With the sale of its VLS business, Varroc’s India business will now account for 85% of the company’s revenue
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NEW DELHI :
Aurangabad-based auto parts maker Varroc Engineering Ltd will be a debt-free company after the divestment of its global four-wheeler lighting business for €600 million, chairman and managing director Tarang Jain said in an interview.
Until as recently as early 2020, Varroc had been expan-ding this business in Europe and the US with automakers such as Renault and Volkswagen. The company’s stock had hit the upper circuit after it signed a sales purchase agreement to divest Varroc Lighting Systems (VLS) last week.
With the debt-laden VLS business set to be sold off to France’s Plastic Omnium group, Varroc’s India business will now account for 85% of the company’s revenue, up from over 30% share of the components maker’s current revenue.
“Capacities at our global facilities for four-wheeler lighting were 35% underutilized and our new plants were bleeding, and we did not want that to risk our strong India business. By last September, it was evident to us that the semiconductor shortage was going to be long-term, and will stay at least till the end of calendar year 2022. With continuing underutilization and debt in VLS, we had to look for a strategic partner to divest the business. We opted against remaining minority shareholders," Jain said.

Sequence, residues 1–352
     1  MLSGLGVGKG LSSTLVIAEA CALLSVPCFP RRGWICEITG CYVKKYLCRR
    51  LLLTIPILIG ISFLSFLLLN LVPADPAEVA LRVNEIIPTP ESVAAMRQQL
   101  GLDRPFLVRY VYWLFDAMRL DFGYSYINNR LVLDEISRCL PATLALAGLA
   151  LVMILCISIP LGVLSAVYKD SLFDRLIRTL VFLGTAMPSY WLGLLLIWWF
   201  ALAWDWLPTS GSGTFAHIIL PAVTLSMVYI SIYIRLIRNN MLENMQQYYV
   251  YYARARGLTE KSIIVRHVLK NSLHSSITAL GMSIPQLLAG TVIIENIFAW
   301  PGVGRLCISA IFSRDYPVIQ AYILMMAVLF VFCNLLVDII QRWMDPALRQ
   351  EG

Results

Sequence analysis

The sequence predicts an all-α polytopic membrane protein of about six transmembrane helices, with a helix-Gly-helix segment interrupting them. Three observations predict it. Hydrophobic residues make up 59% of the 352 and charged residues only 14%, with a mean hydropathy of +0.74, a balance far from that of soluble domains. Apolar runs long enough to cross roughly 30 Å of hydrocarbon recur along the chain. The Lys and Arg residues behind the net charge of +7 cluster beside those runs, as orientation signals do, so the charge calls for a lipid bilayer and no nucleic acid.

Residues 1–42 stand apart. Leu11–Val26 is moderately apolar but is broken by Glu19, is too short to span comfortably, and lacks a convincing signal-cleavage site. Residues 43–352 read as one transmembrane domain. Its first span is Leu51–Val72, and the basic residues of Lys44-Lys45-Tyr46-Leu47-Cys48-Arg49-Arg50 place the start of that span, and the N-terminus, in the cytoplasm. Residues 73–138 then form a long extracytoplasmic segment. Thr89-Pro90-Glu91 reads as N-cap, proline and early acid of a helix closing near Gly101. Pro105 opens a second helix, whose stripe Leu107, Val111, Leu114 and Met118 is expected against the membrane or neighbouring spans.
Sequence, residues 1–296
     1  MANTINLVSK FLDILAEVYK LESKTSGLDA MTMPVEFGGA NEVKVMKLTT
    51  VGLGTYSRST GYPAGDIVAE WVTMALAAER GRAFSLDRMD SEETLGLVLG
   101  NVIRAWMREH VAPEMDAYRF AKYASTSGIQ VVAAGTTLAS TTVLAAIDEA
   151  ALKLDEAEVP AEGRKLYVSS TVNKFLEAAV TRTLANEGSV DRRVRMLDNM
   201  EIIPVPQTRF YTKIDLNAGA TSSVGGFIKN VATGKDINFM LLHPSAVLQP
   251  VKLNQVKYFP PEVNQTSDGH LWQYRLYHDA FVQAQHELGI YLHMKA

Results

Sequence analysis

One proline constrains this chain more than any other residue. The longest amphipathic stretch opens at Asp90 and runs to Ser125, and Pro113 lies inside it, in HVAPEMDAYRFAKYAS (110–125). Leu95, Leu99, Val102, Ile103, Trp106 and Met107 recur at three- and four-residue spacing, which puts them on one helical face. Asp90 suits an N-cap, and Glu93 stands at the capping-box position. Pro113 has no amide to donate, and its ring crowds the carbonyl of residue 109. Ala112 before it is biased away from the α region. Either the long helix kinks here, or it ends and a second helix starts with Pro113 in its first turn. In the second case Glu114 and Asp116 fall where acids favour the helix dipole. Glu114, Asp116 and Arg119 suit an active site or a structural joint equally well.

According to Jain, Varroc is targeting a revenue of ₹7,000 crore in FY23 from the business it now owns, besides the revenue it will continue to have till the sale of VLS to Plastic Omnium is finalized, which will be sometime after August.
“We have a strong product portfolio for EV two- and three-wheelers in India, we also have products on the telematics side, including four-wheelers, we have developed electronics other than BS-VI and EVs also, such as ADAS (advanced driver assistance systems) including camera systems, some high-end LCUs (lighting control units) and light engines for lighting going forward.
We have enough to do in India over the next five years, and have a lot to grow in the two-wheeler and four-wheeler business in India. Abroad, where we only have two-wheeler lighting systems and electronics, we may look at off-road lights, marine lights and other product lines which may not be high volume but are high-margin," Jain explained.
However, Varroc expects normalcy with respect to chip supply to come only by January 2024.
“Although the next year will be better than the last with respect to semiconductor availability, normalcy will not be restored so soon," Jain said, and added, “The feedback we have from electronics chips suppliers is that real normalcy in terms of supplies will only come from January 2024, when additional capacities would have been built. That will be the normal stage. Having said that, I think the coming year will be better than the previous year from a supplies standpoint, but challenges will still remain on the semiconductor front. So while the situation will improve through 2023, it will not still be fully normal," Jain said.